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Michael Bloomberg volunteers to launch New York area test-and-tracing program

"I thank him for taking this on with us," Gov. Andrew Cuomo tweeted. "It will be expensive, challenging & require an army of tracers. But it must be done."
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Michael Bloomberg has volunteered to help lead a massive regional effort to test and trace the contacts of people infected with the coronavirus in the tri-state region of New York, New Jersey and Connecticut, New York Gov. Andrew Cuomo said Wednesday.

"I thank him for taking this on with us," Cuomo said in a tweet of the former New York City mayor and recent Democratic presidential contender. "It will be expensive, challenging & require an army of tracers. But it must be done."

Tracing the contacts of people found to be infected with the coronavirus virus is a public health strategy that's been widely credited for limiting its spread in South Korea.

The plan announced by Cuomo on Wednesday will be done across city, county and state lines around New York.

"Michael Bloomberg will design the program, design the training. He’s going to make a financial contribution also and put together an organization that can help hire the people," Cuomo said.

"You have weeks to have this up and running, (it’s a) super-ambitious undertaking. And Mayor Bloomberg will help coordinate the entire effort," Cuomo said. "He’ll be working with the state, I’m working with the city and Nassau and Suffolk (Counties) and Jersey and Connecticut."

The region, hardest hit by the pandemic in the U.S., has no choice but to try following those who test positive, Cuomo said.

"This entire operation has never been done before, so it's intimidating. You've never heard the words testing, tracing, isolate before," Cuomo said. "But I say, 'So what? Who cares that you've never done it?' That's really irrelevant. It's what we have to do now."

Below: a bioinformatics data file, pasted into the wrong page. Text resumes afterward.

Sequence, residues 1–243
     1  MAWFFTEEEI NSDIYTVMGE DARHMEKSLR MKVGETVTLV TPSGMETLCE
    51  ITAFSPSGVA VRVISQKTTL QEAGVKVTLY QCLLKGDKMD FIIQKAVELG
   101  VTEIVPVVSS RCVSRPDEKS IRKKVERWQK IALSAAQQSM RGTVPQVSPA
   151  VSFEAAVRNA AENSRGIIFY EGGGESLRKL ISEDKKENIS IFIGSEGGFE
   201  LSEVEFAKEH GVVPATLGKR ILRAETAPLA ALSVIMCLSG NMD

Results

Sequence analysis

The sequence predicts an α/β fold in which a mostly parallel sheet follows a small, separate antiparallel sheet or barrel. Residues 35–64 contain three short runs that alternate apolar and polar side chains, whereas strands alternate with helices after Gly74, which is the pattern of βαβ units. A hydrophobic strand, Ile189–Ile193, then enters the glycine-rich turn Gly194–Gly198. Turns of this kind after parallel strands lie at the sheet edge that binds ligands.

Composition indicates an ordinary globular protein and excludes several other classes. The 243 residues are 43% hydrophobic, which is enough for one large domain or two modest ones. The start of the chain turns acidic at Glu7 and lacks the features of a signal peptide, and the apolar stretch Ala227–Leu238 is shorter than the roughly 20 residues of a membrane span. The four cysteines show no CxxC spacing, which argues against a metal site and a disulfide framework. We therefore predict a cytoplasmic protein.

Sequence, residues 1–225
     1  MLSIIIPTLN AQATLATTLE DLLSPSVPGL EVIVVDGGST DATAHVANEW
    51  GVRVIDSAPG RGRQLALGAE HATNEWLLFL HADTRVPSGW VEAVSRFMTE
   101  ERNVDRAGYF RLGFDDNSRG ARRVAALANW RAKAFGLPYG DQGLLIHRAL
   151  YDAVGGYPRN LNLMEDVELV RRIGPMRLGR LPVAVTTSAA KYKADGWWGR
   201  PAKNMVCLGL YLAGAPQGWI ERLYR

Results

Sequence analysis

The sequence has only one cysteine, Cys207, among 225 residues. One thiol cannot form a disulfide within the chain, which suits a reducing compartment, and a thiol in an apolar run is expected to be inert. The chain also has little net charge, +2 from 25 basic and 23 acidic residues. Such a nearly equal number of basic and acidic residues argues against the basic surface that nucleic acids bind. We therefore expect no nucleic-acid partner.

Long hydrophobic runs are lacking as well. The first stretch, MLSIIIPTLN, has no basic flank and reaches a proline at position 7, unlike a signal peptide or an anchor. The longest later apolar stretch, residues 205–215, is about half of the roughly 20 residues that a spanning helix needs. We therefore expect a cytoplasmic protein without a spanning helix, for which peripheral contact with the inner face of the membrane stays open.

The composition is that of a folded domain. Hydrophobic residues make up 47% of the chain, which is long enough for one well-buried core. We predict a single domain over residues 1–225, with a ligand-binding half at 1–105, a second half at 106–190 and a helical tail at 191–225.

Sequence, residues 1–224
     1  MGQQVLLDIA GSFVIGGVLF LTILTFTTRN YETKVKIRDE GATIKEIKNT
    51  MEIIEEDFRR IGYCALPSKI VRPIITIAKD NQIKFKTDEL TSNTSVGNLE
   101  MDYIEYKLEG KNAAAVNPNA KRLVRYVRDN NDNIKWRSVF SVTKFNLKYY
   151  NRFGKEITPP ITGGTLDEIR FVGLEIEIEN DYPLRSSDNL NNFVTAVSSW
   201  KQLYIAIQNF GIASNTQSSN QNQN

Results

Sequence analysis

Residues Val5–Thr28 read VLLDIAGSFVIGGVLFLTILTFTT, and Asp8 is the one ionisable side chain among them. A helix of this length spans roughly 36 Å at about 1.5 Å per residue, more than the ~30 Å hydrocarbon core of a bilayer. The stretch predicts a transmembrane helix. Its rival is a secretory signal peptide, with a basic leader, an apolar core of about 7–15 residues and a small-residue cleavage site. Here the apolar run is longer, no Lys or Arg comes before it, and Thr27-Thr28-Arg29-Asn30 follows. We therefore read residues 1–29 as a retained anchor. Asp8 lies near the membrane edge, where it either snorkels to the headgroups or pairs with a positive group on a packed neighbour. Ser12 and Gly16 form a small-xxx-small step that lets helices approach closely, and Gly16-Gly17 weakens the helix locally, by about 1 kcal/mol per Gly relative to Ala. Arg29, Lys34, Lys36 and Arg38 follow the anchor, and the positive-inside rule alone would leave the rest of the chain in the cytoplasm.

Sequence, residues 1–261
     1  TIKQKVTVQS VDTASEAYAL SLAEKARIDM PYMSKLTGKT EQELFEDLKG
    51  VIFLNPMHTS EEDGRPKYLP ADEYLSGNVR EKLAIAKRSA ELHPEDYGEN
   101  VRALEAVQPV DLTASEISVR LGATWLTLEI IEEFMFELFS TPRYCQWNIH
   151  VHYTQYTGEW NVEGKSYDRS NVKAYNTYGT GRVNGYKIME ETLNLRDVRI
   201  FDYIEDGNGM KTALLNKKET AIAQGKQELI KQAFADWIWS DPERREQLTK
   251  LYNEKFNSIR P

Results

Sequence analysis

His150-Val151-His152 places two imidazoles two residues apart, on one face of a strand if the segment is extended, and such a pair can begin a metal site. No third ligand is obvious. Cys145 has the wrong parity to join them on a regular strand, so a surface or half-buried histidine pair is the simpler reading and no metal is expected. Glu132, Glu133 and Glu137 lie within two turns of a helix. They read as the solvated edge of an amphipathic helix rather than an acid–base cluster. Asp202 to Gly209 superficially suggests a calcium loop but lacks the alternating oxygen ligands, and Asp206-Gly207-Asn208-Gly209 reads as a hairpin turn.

A handful of protests, which appear to have the endorsement of President Donald Trump, have popped up around the nation, with activists venting about the economic fallout connected to shelter-in-place orders in various states.

Bloomberg said he's sympathetic to calls for economic re-launch, but insisted testing and tracing is the only way it can happen.

“We’re all eager to begin loosening restrictions on our daily lives and our economy. But in order to do that as safely as possible, we first have to put in place systems to identify people who may have been exposed to the virus and support them as they isolate,” Bloomberg said in a statement.

Testing and tracing "will help us drive the virus into a corner — saving lives and allowing more people to begin getting back to work.”

The governor acknowledged that it's an "impossible task" to trace the contacts of every single coronavirus-infected person in the three states.

"You will trace as many positives as you can, and as the testing number goes up, that number of possible people to be traced is going up," he said. "That's why it's an extraordinarily impossible task, and you do the best you can."

Bloomberg, who served three terms as New York City mayor and had a short run as a candidate in the Democratic Party primaries, is one of America's richest men, worth about $53.4 billion, according to Forbes magazine.

The former mayor is expected to spend at least $10 million on the effort, a top aide to Cuomo said Wednesday.

On the campaign trail in February, Bloomberg spoke about the need to take coronavirus seriously, hitting President Trump’s lack of action.

Earlier this year, Bloomberg's philanthropic operation announced a $40 million pledge to support efforts to curb the spread of COVID-19 in low- and middle-income nations.